Pitching Prospect of the Day: Kyle Zimmer, RHP, Royals (Double-A Northwest Arkansas): 6.0 IP, 3 H, 0 ER, 2 BB, 12 K. Someone asked me what I thought of Zimmer tonight. My response was simple, “He needed to get it early in the season and he didn’t for a little stretch, but watch out now because he’s coming for any hitter.” Zimmer has one of the best curveballs I’ve ever seen, and he also can easily touch 98. The changeup is a solid-average offering. Check back to our first official Eyewitness Accounts series to see what Jason Cole and I said about Zimmer; 12.0 IP, 6 H, 0 ER, 3 BB, 19 K in tw Double-A starts.

Position Prospect of the Day: Francisco Lindor, SS, Indians (Double-A Akron): 3-5, 2B, HR, 2 R, 3 RBI, K. Just a baseball player who simply just gets it done time after time. That is how I would describe Franisco Lindor. I project him to be a plus hitter who will provide 10-12 home runs and plenty of doubles. Defensively, he is as smooth as they come, and has the chance to compete for Gold Gloves. I’ve always said this, and I hope in this day of fantasy baseball we still appreciate players like Francisco Lindor, because he will be a much better real-life baseball player than fantasy player; .441/.578/.647 with 2 2B, 1 3B, 1 HR, and 5 SB in 34 Double-A at-bats.

Other notable prospect performances on July 25:

“The Good”

  • Albert Almora, CF, Cubs (Low-A Kane County): 4-5, 2 2B, R, BB. After conversing with a source that sees Almora frequently, he described him as “just a baseball play who works very hard.” Scouts believe Almora has the potential to be a plus hitter, and he is still developing his over-the-fence power. He is not a burner by any means, but he is an average runner who makes the most of his ability with excellent instincts. Defensively, Almora shows the ability to stay in center going forward because of pristine positioning and excellent jumps on balls. He may be more of a first-division regular than a perennial All-Star, but Almora has a very high likelihood of reaching his ceiling.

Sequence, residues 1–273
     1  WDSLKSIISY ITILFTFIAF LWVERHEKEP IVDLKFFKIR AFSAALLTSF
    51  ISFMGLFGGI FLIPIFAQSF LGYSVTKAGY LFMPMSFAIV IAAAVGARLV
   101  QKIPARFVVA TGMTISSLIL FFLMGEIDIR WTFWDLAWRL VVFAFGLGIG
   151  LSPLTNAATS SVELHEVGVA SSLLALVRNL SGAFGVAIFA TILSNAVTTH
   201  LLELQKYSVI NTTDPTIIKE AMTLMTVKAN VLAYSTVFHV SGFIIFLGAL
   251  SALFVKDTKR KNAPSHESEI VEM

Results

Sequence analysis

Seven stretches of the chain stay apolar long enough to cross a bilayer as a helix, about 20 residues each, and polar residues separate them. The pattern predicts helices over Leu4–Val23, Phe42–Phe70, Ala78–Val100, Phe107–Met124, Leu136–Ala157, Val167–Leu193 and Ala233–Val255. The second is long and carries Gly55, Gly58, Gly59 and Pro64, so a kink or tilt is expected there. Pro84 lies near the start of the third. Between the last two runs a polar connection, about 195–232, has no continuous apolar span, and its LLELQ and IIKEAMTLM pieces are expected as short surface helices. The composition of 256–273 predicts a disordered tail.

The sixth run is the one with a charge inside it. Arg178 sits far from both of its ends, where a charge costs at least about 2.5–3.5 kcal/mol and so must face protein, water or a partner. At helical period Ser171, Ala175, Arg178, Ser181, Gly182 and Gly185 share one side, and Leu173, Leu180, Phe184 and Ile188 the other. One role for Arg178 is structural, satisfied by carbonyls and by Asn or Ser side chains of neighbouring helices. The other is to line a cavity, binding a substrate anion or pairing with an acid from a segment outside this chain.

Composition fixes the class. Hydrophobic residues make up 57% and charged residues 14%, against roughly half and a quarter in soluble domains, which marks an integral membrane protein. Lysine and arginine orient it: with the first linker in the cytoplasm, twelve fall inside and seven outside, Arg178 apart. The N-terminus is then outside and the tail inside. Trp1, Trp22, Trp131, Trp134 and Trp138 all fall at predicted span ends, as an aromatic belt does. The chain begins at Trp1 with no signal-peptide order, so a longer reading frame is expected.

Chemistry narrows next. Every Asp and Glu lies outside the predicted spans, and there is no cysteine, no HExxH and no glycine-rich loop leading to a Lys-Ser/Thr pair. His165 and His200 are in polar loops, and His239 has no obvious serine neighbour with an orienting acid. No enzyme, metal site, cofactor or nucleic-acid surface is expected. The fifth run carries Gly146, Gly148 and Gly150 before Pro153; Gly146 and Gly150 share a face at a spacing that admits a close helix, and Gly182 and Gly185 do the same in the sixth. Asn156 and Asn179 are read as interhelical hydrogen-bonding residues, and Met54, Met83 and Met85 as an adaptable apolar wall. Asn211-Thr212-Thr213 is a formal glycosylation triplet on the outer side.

• Jake Arrieta, RHP, Cubs (Triple-A Iowa): 6.2 IP, 4 H, 1 ER, 4 BB, 8 K. The acquisition of Arrieta was the beginning of what is looking to be a very beneficial trade season for the Cubs. Arrieta relies on a fastball that can touch the mid 90s and a curveball that works in the low 80s. Some believe that the change of scenery may resurrect his career as a starter, but at worst, most see him as a useful piece in the back end of the bullpen
  • Javier Baez, SS, Cubs (Double-A Tennessee): 2-6, 2 HR, 2 R, 4 RBI, 2 K. Back to back nights for Baez. I just want to go a little deeper into something I said yesterday. My source questioned whether Baez’s #want would allow him to maximize his ability, and that was something I should have explained a little more in depth. The way it was explained to me, Baez can stray from what would be perceived as the best plan for success during a game. He sometimes speeds things up, takes an at-bat out to the field with him, or tries to make a highlight reel play when it only needs to be a routine one. The physical tools and effort are there, but I believe some question Baez’s mental #want. That being said, I’ll take a guy who has physical ability on my team every day of the week.
  • Matt Barnes, RHP, Red Sox (Double-A Portland): 5.0 IP, 2 H, 1 ER, 3 BB, 8 K. Barnes has been settling in as the 2013 season wears on. Barnes’ fastball has been working in the low-to-mid 90s. He mixes in a curveball that flashes plus and a usable changeup. The curveball can be a weapon when used effectively, but Barnes has not been consistently commanding it down in the zone thus far; 15.0 IP, 8 H, 2 ER, 9 BB, 23 K in last three starts.
  • Chad Bettis, RHP, Rockies (Double-A Tulsa): 7.0 IP, 2 H, 0 ER, 3 BB, 8 K. Bettis has stuff to miss bats at any level. Bettis utilizes a plus-plus fastball that can touch the upper 90 and a wipeout plus-plus slider. The question going forward will be the maturation of the changeup, which is currently well below average, and if he is able to develop that, he has the chance to log innings as a starter. However, if that does not come along, he could be a high-leverage power reliever; 27.0 IP, 21 H, 10 ER, 8 BB, 31 K in last five starts.
  • Seth Blair, RHP, Cardinals (Double-A Springfield): 7.0 IP, 6 H, 2 ER, 2 BB, 11 K. Blair has missed a lot of time in his career, and can still be considered somewhat raw even after he was selected out of Arizona State in 2010. Blair utilizes a low-to-mid 90s fastball, a potential plus curveball, and a developing changeup. The Cardinals have to be excited that he is merely logging innings in 2013, but he is taking strides back onto the prospect radar with outings like this.